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Danielle Mosier has commented on (4) products.

Trafficked by Kim Purcell

Danielle Mosier, April 16, 2013

At times, this book was hard to read, but not through any fault of the author - the reality of human trafficking simply comes to bare as the horrifying reality it really is. While some may be unaware that human trafficking is still a problem, Trafficked brings the issue to light in a way that young people will be able to grasp. While I wouldn't recommend this to a person under thirteen, it is an important book for young people. Not only does it bring to light an important social issue, but it touches on the themes of poverty, safety, integrity, and education. The heroine, Hannah, grapples with all of the typical teenage conundrums - What kind of person am I? What will my family think of me? Etc., while also dealing with the savage reality that she has been trafficked and how she might ever escape.
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Mama Cat Has Three Kittens by Denise Fleming
Mama Cat Has Three Kittens

Danielle Mosier, April 16, 2013

Mama Cat Has Three Kittens is a beautifully done picture book with simple sentences for very young readers. The watercolor illustrations are bold and bright. Every time we turn the page, my one-year-old daughter excitedly repeats "cat cat cat." It is in contention for being one of her favorite books, likely because of the beautiful, yet simple cat paintings, and easy to follow story line. As a parent, I don't mind reading the book ten times in a row, as the experience for me is of staring at beautiful art and watching my daughter's face light up with joy as she repeats a newly-learned word.
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Olive Kitteridge by Elizabeth Strout
Olive Kitteridge

Danielle Mosier, October 17, 2010

This novel is told through a series of short stories or vignettes, some featuring, and some only mentioning the title character, Olive Kitteridge. The shifting perspectives, and web of relationships depicted remind the reader that we are who we are based on the relationships we keep, how we treat each other, how we interact. Sometimes we're blind to the way our actions affect others, even when we're acutely aware of how others' actions affect us.

As ornery and harsh as she is sometimes depicted, the reader gets glimpses of Olive's tenderness... but more than that, we see that Olive is what most people are not: unabashedly honest. She is real in a way that exudes a sense of being alive and present, even if it is not always pleasant. It made me want to be like her, in that way... not that I want to do and say the things she says and does, but that I want to be more genuine.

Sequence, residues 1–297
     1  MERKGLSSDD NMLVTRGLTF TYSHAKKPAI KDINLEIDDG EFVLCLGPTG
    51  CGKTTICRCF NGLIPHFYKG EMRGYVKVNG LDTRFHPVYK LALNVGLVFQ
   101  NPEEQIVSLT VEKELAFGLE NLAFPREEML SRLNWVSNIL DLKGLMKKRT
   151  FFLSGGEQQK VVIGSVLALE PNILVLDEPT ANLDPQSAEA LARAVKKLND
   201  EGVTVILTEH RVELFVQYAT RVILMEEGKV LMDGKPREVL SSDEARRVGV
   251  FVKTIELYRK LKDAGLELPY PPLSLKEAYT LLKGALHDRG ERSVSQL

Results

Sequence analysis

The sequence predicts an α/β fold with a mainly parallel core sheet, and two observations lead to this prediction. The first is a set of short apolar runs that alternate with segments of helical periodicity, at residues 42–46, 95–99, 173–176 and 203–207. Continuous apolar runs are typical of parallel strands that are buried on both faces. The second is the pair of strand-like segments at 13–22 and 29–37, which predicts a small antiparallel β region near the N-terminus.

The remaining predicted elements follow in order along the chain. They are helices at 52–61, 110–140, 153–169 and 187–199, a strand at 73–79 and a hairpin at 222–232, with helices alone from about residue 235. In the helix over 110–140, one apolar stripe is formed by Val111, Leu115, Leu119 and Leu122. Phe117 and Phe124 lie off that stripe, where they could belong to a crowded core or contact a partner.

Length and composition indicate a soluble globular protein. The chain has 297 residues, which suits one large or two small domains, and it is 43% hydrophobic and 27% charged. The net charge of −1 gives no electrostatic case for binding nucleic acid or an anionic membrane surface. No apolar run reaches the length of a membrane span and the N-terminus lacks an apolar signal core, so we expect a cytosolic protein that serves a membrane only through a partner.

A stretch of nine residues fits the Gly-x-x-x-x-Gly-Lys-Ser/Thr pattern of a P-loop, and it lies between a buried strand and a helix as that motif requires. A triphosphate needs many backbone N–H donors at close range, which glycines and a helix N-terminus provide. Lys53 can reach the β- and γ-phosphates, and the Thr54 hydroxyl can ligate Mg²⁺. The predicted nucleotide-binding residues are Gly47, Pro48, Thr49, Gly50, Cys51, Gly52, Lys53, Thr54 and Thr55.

I also appreciated the very real historical backdrop of the novel. Olive lives in OUR world and time, and recent events impact her, and she has opinions about them (how could she not?).

I'd recommend this book to anyone going through or who has gone through major life events, or as Olive would say, "big bursts."
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(3 of 5 readers found this comment helpful)

Grayson by Lynne Cox

Danielle Mosier, August 25, 2010

I am, at present, ruined for books because of Grayson. It was so uplifting that I cannot bring myself to read anything dark or depressing, which many stories seem to be, at least at some point, in order to create conflict for the plot. Conflict is present in Grayson, but the story is more about Lynne and Grayson's journey together, and what is encountered along the way.
As I read this book, I would think, from time to time, of people I wanted to recommend it to, until I finally realized that I would recommend this book to everyone. I've been raving about this book to my friends for some time now, and thought I'd spread the love here.
Before I end, though, I have one final plea: Please help me find a book comparable to this one. PLEASE. I want to read again!
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(2 of 3 readers found this comment helpful)

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